<< back to foods in Hobart, Tasmania
What: Let’s face it: Until the 1950s, Tasmania was a brewer’s playground, with beer being the alcoholic beverage of choice since the convict days in the 1700s. Thankfully, a migrant with an eye for detail and a nose for wine noticed how closely the terroir and climate matched that of Europe. Fast-forward 70 years and Tasmania now basks in global recognition for its cool-climate white and red wines: pinots, rieslings, chardonnays, and more. It is no exaggeration to say that its sparkling varieties even rival those of Champagne. With companies such as Roederer and Moët et Chandon sourcing grapes from Tasmania, you know they must be doing something right!
Where: Luckily for travelers, the Hobart region around southern Tasmania is one of the state’s best for fine wines. “High quality, low volume” is the catchphrase, and you don’t need to travel far to experience this for yourself.
If you are tight on time, Moorilla Estate (651-655 Main Rd., map) is only minutes away from central Hobart, on the broad banks of the Derwent River. If you can drag yourself away from the adjacent Museum of Old and New Art (MONA) long enough, you’ll find an excellent selection of ultra-premium small-batch wines at its cellar door.
If possible, though, you really should dedicate a couple of days or more to your grape explorations. To the north in the Coal River Valley, you’ll find Puddleduck Vineyard (992 Richmond Rd., map), home of the “Reverse BYO”—buy a wine and bring your own food for a picnic on the grass or by the lake—and Domaine A, which, despite the cool climate, has proven the naysayers wrong with its acclaimed range of refined cabernet sauvignons. There’s also Coal Valley Vineyard (pictured above; 257 Richmond Rd., Cambridge, map), the perfect place on a warm summer day to relax with a glass of its exceptional pinot noir and take in the magnificent views of the Coal River Valley.
To the north of Hobart, west and further up the Derwent Valley is Stefano Lubiana Wines (pictured above; 60 Rowbottoms Rd., map) and its delicious sparkling whites (an absolute must in summer). And then to the south you could spend weeks exploring the nooks and crannies of the Huon Valley, with Home Hill (38 Nairn Rd., map) consistently producing award-winning and extremely approachable pinots, for which Tasmania is renowned.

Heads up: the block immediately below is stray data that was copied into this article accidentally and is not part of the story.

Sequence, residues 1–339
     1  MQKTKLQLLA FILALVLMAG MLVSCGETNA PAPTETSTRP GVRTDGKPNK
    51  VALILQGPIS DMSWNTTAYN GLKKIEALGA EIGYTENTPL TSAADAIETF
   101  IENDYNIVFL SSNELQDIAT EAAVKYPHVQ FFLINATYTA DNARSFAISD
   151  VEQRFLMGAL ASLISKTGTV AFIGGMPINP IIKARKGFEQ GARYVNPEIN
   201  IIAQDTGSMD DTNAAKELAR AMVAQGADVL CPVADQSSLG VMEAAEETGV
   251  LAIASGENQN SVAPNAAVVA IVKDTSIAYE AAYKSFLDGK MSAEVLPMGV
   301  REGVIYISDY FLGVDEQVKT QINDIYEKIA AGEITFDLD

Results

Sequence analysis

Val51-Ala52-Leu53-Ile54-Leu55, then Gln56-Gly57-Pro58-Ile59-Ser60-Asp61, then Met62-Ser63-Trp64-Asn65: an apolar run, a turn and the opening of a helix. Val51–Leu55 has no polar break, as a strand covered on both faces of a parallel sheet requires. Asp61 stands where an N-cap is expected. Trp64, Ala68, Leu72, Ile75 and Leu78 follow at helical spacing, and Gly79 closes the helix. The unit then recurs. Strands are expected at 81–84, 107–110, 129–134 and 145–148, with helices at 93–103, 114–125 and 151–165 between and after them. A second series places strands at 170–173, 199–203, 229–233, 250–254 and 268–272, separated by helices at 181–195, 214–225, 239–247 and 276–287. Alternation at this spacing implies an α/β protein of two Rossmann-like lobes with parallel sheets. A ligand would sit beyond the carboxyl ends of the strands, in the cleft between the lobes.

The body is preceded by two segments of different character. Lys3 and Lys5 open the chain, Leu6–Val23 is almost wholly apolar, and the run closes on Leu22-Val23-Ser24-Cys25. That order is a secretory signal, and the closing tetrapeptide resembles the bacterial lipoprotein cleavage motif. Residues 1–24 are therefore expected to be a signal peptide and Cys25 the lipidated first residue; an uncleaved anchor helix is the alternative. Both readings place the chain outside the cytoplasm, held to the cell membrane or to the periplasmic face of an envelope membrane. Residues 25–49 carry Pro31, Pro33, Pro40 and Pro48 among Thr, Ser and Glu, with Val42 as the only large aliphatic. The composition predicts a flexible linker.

When: Check individual winery websites for hours of operation. Pictured, the Coal Valley Vineyard cellar door is open for tastings daily, 11am-5pm (full lunch is available from 11am-3pm, with a smaller cellar door menu available from 3pm-4pm).
Order: Taste the wine, or buy the wine! Pictured is a vintage sparkling pinot noir-chardonnay blend. Due to its popularity, this blushing beauty is no longer available, but you can secure a bottle of its younger sister, the 2013 blanc de noir, made from 100% pinot noir grapes (AU$44). With delicate strawberries on the tongue and hints of brioche on the nose, that wine is just as sure to please.
As at most Tasmanian wineries, tastings are complimentary with the purchase of any bottle, or $5 without a purchase (tasting prices may vary across vineyards). A seated tasting flight of four wines can be arranged at $15 per person.
Alternatively: Instead of designating a driver for the day, consider a wine tour. Drink Tasmania offers half-day and full-day tours to all the southern wine regions, for groups of two to 13 people. Gourmet food tastings and lunches are available for some tours as well.
Or, if you’re on your feet you can easily drop by Cool Wine in central Hobart, where you’ll find one of the most extensive ranges of local wines and an extremely knowledgeable staff that loves helping out visitors in making the perfect wine selection. Tastings of not only wines but also spirits, beers, and ciders are often available—check its Facebook page for upcoming events.
Good to know: Normally held on the first weekend of March, the Southern Vineyards Open Weekend (details are posted here in the weeks prior) is the rare chance to taste lots of Tasmania’s wines that aren’t easily accessible to the public. Many of the state’s best wineries are small and unable to justify an open cellar door year-round. But once the harvest is over, on this one special weekend per year, they all open their doors, providing wine lovers with a unique opportunity.